Mod+ 269. DR. MICHAEL SHERMER, SKEPTICAL SCIENCE REPORTING

#1
I read the posted excerpts on this interview, and I was really struck by Alex's insistence that the interpretation of the results by the researcher is the only interpretation which can be considered. We've run up against that before from Alex. Scientists don't treat experimental results this way. This is something Alex has come up with as a layperson. But it brings me back to something I said to Saiko in another thread:

"It's a given that the conclusions drawn will depend upon your beliefs, so that is beside the point. The point is to perform research where the conclusions are constrained - the design, implementation and analysis only allow for a single conclusion. And that the same conclusion would be drawn by your enemies as by your supporters."

I think a lot of what gets missed when everyone argues about their pet ways of interpreting results is that this indicates the weakness of the research in the first place. If your enemies are drawing different conclusions from you, you need to do a better study. Science progresses when enemies are won over, not by confirming prior beliefs.

Linda

(as usual, Mod+ refers to http://www.skeptiko-forum.com/threads/does-it-matter.1240/page-5#post-33913 )
 
#2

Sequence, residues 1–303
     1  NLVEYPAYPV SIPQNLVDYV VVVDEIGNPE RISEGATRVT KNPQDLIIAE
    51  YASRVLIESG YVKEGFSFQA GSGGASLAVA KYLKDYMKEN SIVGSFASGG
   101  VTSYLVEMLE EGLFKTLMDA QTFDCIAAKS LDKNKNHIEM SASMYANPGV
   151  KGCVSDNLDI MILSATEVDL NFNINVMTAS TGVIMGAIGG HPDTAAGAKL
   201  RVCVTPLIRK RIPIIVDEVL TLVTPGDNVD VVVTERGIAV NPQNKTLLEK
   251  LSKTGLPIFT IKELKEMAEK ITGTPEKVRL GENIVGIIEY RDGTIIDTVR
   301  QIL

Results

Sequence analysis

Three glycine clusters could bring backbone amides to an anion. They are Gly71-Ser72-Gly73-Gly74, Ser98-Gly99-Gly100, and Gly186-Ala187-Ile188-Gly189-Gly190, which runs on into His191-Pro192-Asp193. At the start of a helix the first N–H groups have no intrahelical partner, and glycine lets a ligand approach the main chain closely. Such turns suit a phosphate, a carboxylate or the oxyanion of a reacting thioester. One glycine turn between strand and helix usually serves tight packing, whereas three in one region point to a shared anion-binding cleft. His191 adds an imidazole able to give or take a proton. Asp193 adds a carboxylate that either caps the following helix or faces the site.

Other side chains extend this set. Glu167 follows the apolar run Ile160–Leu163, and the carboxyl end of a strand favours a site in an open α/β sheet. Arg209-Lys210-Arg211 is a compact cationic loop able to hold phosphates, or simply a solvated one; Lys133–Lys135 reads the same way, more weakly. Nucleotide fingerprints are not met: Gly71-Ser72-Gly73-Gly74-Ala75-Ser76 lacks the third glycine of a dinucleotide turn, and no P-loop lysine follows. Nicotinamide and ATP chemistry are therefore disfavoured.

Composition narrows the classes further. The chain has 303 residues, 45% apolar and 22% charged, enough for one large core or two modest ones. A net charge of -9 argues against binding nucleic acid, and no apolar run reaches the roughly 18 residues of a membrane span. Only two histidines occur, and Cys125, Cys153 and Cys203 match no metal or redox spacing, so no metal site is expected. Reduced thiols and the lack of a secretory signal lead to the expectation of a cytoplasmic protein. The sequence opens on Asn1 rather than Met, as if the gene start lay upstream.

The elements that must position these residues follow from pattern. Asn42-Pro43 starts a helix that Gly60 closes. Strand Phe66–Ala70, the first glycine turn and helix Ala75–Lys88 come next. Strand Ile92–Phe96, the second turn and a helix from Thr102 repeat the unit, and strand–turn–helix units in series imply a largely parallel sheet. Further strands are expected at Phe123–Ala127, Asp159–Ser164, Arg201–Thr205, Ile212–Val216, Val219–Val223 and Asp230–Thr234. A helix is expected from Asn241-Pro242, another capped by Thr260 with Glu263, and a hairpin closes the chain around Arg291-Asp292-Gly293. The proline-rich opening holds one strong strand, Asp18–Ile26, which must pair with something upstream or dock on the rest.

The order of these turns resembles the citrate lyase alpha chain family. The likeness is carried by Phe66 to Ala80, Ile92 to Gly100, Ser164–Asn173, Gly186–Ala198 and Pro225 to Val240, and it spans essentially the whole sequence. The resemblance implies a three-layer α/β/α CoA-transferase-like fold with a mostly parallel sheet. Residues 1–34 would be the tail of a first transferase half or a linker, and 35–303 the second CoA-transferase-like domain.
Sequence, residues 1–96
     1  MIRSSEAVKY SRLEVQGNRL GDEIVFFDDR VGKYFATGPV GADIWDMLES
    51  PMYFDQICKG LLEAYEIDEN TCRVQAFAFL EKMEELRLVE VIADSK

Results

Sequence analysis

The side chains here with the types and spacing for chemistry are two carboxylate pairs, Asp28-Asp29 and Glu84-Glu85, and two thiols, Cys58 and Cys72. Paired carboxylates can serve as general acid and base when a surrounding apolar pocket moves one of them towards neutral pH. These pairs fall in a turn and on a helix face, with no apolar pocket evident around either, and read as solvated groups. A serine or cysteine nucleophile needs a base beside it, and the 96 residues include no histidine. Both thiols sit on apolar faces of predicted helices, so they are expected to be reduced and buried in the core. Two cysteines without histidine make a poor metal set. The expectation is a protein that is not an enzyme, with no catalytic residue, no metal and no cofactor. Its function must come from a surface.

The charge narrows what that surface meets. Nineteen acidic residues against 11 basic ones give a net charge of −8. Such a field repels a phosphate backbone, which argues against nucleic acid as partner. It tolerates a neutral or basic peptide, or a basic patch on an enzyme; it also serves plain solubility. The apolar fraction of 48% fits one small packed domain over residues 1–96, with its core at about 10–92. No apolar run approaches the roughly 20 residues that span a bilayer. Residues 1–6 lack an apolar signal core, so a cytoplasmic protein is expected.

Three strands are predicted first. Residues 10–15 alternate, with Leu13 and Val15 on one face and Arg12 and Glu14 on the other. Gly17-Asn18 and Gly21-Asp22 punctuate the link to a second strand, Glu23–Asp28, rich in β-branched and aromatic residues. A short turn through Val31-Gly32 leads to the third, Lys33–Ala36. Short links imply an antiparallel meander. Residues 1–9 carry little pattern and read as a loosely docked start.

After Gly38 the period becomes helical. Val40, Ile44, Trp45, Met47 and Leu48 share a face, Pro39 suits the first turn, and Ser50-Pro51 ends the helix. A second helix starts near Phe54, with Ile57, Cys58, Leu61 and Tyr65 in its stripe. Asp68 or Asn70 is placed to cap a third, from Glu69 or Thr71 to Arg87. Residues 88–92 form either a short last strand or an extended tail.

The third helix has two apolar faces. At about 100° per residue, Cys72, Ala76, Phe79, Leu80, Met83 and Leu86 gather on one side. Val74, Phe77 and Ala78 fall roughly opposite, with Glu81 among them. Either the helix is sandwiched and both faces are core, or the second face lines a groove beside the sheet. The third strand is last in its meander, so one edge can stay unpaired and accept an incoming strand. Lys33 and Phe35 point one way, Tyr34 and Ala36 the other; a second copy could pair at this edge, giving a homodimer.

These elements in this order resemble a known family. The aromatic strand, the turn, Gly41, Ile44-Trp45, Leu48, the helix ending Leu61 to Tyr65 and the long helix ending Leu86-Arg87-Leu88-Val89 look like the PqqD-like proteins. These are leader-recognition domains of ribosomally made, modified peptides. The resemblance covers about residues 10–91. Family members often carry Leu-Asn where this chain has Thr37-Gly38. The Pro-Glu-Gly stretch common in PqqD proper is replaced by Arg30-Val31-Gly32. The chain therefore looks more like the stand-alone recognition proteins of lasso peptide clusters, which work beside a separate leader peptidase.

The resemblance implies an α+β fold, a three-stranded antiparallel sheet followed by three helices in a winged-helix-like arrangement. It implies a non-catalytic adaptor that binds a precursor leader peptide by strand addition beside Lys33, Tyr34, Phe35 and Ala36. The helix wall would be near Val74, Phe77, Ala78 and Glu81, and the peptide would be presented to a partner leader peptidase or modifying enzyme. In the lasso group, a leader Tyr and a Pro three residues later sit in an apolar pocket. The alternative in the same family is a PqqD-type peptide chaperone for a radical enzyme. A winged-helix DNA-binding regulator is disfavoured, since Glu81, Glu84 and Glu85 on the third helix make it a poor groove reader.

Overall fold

The point is to perform research where the conclusions are constrained - the design, implementation and analysis only allow for a single conclusion. And that the same conclusion would be drawn by your enemies as by your supporters."
lol. I'm not surprised to see your thoughts of mythical and overtly nonsensical constructs are ongoing. There has never been, nor will there ever be, a conclusion that is shared by everyone. Period.

You also continue your quest to slant your opinions as being some definitive take. Opinions about which only those who "don't know enough" could possibly see things differently. You also make the mistake of pitting your perspective "science" against viewpoints that are not so much opposing as just more encompassing.

BTW the type of research you advocate is both simplistic and anything but open research.
 
#3
There has never been, nor will there ever be, a conclusion that is shared by everyone. Period.
Sure there are:

The earth revolves in relation to the heavenly bodies. Some stomach ulcers are caused by H. pylori. Earth is composed of plates which glide over a mantle. Particles are distinguished on the basis of integer and half-integer spin. Bats negotiate via echolocation.